Dell believes that customers do not necessarily need to build new data centres, and is now offering to show customers how to optimise their existing ones to extend their life span.
Dell says that its expertise in this area came about two years ago, when it discovered it had reached the capacity limits of its two data centres (DCs) in Austin Texas. Rather than going to the expense of simply building a new data centre, the company instead looked at whether it was possible to squeeze more life out of its existing DCs.
"Michael Dell looks at building new buildings in order to make money, and not making money in order to build buildings," explained Rick Becker, VP, Software and Solutions Enterprise Product Group at Dell.
Becker was one of the men charged with overseeing the redevelopment of Dell's data centre resources. Dell estimates that its own data centre optimisation has internally reduced costs by more than $29 million (£19.6 million).
"When we optimised our own data centres, we learnt a lot of lessons," Becker told Techworld. "And now we want to share these lessons with our customers," he added. To this end, Dell is offering customers a data centre optimisation service.
Alongside the service, Dell is offering some simple advice, in line with the company's established policy of simplifying IT. This includes the decommissioning old servers, consolidate existing equipment; virtualise as much as possible, and re-equipping with new kit in order to take advantage of much better energy efficient technology.
On the consolidation point, Dell points out that many companies have unnecessary servers running in their DCs, legacy of past projects, but which are not shut down because managers don't know what they are used for.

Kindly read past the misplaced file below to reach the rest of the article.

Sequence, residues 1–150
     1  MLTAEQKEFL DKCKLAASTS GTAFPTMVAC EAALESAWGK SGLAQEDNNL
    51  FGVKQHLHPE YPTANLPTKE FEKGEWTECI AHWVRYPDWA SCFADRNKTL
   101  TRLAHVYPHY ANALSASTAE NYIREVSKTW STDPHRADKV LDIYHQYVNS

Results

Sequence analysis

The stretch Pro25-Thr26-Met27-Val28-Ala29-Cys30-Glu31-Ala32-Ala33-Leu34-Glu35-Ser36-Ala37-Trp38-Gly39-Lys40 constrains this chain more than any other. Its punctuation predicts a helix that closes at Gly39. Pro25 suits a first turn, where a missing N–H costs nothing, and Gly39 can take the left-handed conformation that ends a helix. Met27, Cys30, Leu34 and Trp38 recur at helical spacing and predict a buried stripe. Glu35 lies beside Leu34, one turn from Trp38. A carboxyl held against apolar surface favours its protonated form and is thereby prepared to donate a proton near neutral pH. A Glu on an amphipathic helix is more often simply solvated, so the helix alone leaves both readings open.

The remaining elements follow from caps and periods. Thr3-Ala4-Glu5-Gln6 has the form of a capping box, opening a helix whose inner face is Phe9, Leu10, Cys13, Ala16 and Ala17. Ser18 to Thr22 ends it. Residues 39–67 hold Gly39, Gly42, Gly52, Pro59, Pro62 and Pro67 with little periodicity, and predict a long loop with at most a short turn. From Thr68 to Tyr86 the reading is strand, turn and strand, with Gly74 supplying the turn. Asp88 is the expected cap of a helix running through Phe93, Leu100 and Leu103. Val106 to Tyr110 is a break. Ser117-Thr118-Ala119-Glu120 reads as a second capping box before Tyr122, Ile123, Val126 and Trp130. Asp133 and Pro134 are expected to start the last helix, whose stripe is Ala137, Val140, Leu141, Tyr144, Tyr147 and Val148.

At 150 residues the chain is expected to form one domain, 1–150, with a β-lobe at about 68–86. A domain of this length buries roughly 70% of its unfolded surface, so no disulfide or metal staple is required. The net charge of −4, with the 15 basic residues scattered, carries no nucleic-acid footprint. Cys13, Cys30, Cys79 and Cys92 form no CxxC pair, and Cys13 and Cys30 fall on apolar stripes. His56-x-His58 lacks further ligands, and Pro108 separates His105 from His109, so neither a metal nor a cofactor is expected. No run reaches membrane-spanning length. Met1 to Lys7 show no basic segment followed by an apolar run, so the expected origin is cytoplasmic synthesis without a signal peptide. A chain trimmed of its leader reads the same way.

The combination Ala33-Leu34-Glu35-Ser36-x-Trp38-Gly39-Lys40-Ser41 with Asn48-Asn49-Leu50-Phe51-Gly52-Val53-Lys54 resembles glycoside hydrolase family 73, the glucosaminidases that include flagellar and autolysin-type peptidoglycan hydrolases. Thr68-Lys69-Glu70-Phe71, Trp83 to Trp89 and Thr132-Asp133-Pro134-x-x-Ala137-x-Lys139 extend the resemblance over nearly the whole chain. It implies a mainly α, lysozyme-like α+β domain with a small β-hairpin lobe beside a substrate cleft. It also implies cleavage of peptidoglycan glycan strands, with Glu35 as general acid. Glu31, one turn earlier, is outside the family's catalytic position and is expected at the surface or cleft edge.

Becker said that with a 70 percent server volume reduction, coupled with an equipment refresh with energy efficient products, a typical data centre would see 50 to 70 percent less energy use.
Becker also makes it clear that he is also a big fan of virtualisation, and believes that this is one of the most important ways for companies to reduce their server sprawl and optimise their server resources. "At Dell in 2006, we only had 543 virtual machines. Now the number is over 5,000," he said.
"We will also ask customers to raise the temperature of their data centres," said Becker, pointing to the fact that most data centres are currently too cool.
Dell equipment can run at 25 degrees Celsius (77 Fahrenheit). Indeed, Dell's equipment is certified to run at 29.4 Celsius (85 Fahrenheit), but Becker says that at 25.6 Celsius (78 Fahrenheit), it found that its fans ran at a greater speed and started impacting on energy cost savings.
By its own estimate, Dell believes it can help companies increase their DC computing capacity by 270 percent within the same power and space footprint, using less hardware. Its message then to the market is spend now, in order to save down the road.
But will anyone buy in to this argument considering the current economic climate?
Becker disagrees somewhat with the gloomy forecasts touted by IDC and Gartner. While everyone seems to agree that the industry won't experience the extreme cuts it suffered in 2001 after the dot-com bust, Becker feels that customers will not be holding off all their spending plans, especially if Dell can demonstrate real ROI (return on investment) within a 12 to 18 month period.
"Post September, IT has suddenly become the key enabler on how companies can remain viable," said Becker. "We can show the ROI that customers can achieve, plus we have financing options available.
If companies can reduce the amount of people needed (by adding in more automation), as well as trimming their real estate costs, there is much less expense. The finance guys absolutely get that. That is what we mean when we say, simplify and save," he said.
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